Local stars

Local acts score big gig at BottleRock's Wildcat Stage

Emerging talent also part of music festival
2013-05-11T20:15:00Z 2014-05-01T14:37:43Z Local acts score big gig at BottleRock's Wildcat StageISABELLE DILLS Napa Valley Register
May 11, 2013 8:15 pm  • 

Being at the right place at the right time has worked well for local musician Alan Parks.

His year-old swing jazz band, The Smart Fellers, is one of 16 local bands booked for BottleRock’s stage for emerging talent — and it’s all thanks to Parks’ good luck and good timing.

The Smart Fellers weren’t originally scheduled to perform at the five-day music festival, but Parks happened to be at Wildcat Vintage Clothing in downtown Napa when store owner Thea Witsil discovered one of the bands she booked for BottleRock had to cancel.

Witsil, co-founder of the summer music event Napa Porchfest, saw Parks in her store and asked if The Smart Fellers wanted the BottleRock gig.

“Let me call the guys,” Parks responded.

Coming in as substitutes doesn’t bother The Smart Fellers. Normally, the local jazz band can be found performing at the Chefs Market. Now they’re sharing the Expo with national acts.

“(BottleRock) is going to look good on the resume,” Parks said.

BottleRock may bring as many as 35,000 people on peak days this weekend to the Napa Valley Expo. Sixteen bands — many from Napa — will have the chance to be heard by thousands as they take turns performing near the festival’s entrance.

The “Wildcat Stage” features four local bands each day, Thursday through Sunday.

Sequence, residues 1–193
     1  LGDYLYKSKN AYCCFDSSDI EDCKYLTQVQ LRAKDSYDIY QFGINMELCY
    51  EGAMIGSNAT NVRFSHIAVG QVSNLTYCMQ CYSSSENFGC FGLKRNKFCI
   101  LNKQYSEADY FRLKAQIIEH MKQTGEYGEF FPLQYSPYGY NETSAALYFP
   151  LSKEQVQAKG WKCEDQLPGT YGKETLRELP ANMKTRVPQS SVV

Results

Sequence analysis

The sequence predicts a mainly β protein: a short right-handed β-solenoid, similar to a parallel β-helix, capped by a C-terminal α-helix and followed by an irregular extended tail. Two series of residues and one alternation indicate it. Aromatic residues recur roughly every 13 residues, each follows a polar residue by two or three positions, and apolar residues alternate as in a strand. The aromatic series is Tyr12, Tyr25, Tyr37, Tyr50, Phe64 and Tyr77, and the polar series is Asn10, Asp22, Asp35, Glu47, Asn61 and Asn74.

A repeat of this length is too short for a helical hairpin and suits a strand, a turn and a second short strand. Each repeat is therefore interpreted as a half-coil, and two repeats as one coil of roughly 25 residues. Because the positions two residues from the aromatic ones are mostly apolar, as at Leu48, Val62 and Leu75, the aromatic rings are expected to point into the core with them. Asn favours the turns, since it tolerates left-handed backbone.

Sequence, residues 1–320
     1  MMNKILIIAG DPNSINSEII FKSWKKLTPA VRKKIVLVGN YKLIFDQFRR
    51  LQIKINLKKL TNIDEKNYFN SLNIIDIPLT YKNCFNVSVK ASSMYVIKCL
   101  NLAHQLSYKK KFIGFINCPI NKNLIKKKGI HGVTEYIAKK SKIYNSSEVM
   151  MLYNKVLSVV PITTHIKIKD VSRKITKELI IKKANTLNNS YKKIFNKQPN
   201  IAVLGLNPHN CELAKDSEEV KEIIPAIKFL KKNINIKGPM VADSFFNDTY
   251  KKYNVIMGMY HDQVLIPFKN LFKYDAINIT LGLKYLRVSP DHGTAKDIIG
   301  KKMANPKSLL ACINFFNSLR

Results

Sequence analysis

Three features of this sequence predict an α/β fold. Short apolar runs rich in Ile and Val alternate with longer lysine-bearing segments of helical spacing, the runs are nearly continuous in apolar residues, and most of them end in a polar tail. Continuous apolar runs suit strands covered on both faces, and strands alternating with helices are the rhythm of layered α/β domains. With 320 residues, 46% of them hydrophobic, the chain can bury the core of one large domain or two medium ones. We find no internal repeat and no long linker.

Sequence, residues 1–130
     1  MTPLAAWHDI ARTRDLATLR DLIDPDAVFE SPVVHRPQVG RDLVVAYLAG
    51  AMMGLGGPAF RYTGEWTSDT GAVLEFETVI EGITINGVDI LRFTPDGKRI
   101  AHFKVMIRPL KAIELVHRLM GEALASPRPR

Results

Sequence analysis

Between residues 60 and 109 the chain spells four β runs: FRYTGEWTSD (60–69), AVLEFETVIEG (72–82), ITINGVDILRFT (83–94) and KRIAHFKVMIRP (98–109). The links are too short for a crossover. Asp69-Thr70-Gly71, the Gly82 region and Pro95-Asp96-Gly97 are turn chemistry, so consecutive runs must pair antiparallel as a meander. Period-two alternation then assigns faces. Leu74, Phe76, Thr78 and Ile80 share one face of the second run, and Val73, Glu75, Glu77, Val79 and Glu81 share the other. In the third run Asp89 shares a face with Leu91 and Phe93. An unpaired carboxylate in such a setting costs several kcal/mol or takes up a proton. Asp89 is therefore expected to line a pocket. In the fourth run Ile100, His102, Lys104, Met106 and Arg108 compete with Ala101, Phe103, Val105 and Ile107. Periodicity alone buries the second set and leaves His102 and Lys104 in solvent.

On Friday, Sebastopol-based band Frankie Boots and the County Line kicked off that day’s local music show with their blend of Americana, blues, and rock ‘n’ roll. As festivalgoers streamed through the entrance gates, many stopped to listen to Frankie Boots before checking out the major stages.

A friend of the band, Doe Covella, credited the group for having “a great stage presence” and “dark, grungy lyrics.”

“I’m stoked to see they’ve come this far,” Covella said. “This is a huge milestone.”

BottleRock, and other similar music festivals, help “relatively unknown bands” get “front and center,” said Jacob Rubanowitz, who stopped to hear Frankie Boots on Friday.

Rubanowitz, a Redding resident, said he was drawn to the band’s bluegrass sound — adding that it gave him a “good start” to BottleRock.

On Saturday, Napa native Lily Wilson was to perform on the Wildcat Stage. Wilson, a Justin-Siena graduate, describes her music as a scaled-down acoustic blend of folk, pop, and rock.

“I’m really honored and really excited for the whole weekend,” Wilson said, adding that she always wanted Napa to become a destination for bigger bands.

“I’m proud of my hometown for having this festival,” Wilson said.

Parks’ band, The Smart Fellers, will be the last band performing on the Wildcat Stage. They’re scheduled for 6 p.m. Sunday.

Parks, a graduate of Vintage High School, said he and his bandmates have put a song list together for their Sunday performance but will have no rehearsals prior to the show. For Parks, the lack of rehearsals is good for the music.

“The nature of jazz is improvisation,” Parks said. “We didn’t want to over-rehearse.”

BottleRock isn’t the only venue The Smart Fellers have scheduled for Sunday. Before their evening performance at the music festival, the trio will play next to the Dim Sum Charlie’s food truck near the Oxbow.

“We haven’t rehearsed for BottleRock, but we’ve played plenty of gigs,” Parks said. “We’re fine. We’re good to go.”

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